Role of Weed Emergence Time for the Relative Seed Production in Maize
AbstractTrials were carried out in 2000 and 2001 to investigate the effect of weed emergence time on weed seed production in a maize field. Datura stramonium L., Solanum nigrum L. and Abutilon theophrasti Medicus were selected for their importance as summer weeds. Emergence time was found to be crucial since delay would involve an unfavourable light environment determined by crop canopy elongation and resulting shade production. Only the early emergence of D. stramonium and A. theophrasti showed the capacity to exposing their leaves over the crop canopy. Generally the weed seed production under shade conditions decreased for the reduction of the fruit per plant since the number of seed per plant showed only a light reduction. However, while D. stramonium and A. theophrasti compete with the crop by increasing height, Solanum nigrum tends to adjust to shade without excessive reduction in number of seeds produced. Thus in D. stramonium and A. theophrasti late emergence reduced seed production to only 15%, while S. nigrum maintained 25% of the seed production level generally observed with greater light exposure. This environmental adaptation was confirmed by the less marked decrease in S. nigrum harvest index. Agroecological involvements are discussed.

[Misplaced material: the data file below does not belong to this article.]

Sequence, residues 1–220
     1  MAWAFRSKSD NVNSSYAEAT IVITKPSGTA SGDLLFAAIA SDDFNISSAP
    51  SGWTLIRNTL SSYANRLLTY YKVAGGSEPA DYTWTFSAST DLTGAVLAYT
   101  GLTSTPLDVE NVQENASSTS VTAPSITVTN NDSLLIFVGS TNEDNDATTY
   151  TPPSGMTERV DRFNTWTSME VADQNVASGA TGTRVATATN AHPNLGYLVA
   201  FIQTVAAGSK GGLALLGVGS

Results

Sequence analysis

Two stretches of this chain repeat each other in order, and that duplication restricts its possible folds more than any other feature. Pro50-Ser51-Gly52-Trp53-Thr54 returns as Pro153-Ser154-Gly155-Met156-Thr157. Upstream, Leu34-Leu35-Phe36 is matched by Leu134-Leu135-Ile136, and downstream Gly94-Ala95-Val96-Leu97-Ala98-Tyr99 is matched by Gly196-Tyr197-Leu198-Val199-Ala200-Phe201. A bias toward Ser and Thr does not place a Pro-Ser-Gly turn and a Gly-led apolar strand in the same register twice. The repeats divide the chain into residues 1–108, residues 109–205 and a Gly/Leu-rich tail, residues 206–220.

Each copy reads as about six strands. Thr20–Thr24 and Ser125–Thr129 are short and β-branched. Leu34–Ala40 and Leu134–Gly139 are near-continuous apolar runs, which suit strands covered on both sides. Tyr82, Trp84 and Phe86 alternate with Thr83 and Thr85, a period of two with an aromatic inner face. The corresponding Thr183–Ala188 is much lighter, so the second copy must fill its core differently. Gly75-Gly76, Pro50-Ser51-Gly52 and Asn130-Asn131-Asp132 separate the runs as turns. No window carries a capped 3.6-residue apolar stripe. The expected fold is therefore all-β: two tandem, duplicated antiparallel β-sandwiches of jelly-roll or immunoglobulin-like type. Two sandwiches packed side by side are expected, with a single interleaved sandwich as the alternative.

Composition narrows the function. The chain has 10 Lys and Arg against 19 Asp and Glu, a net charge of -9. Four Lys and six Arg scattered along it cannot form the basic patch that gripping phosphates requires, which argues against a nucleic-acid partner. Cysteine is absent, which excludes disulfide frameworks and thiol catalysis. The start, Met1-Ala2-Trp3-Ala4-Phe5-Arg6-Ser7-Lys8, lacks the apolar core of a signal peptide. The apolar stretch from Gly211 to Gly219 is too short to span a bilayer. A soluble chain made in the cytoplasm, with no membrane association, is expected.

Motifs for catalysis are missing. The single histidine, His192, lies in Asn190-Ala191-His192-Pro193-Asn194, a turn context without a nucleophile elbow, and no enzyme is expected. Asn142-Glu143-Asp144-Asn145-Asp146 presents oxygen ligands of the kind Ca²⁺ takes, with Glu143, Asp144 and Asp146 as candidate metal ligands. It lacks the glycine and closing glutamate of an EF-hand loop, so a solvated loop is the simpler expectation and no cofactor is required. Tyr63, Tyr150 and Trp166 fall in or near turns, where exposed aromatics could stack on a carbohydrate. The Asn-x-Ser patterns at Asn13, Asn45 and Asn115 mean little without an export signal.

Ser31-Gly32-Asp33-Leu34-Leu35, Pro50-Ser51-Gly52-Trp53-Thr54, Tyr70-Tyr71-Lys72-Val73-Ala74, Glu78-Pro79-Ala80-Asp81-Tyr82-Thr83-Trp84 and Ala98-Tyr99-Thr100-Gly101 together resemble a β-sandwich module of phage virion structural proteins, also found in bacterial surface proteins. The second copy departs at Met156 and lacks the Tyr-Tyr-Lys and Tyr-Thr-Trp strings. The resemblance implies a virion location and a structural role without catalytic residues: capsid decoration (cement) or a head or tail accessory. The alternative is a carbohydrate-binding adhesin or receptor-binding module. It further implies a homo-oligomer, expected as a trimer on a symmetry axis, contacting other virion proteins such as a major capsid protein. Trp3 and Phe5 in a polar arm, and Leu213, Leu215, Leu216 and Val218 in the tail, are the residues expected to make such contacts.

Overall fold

PlumX Metrics provide insights into the ways people interact with individual pieces of research output (articles, conference proceedings, book chapters, and many more) in the online environment. Examples include, when research is mentioned in the news or is tweeted about. Collectively known as PlumX Metrics, these metrics are divided into five categories to help make sense of the huge amounts of data involved and to enable analysis by comparing like with like.
Copyright (c) 2007 Stefano Benvenuti
This work is licensed under a Creative Commons Attribution-NonCommercial 4.0 International License.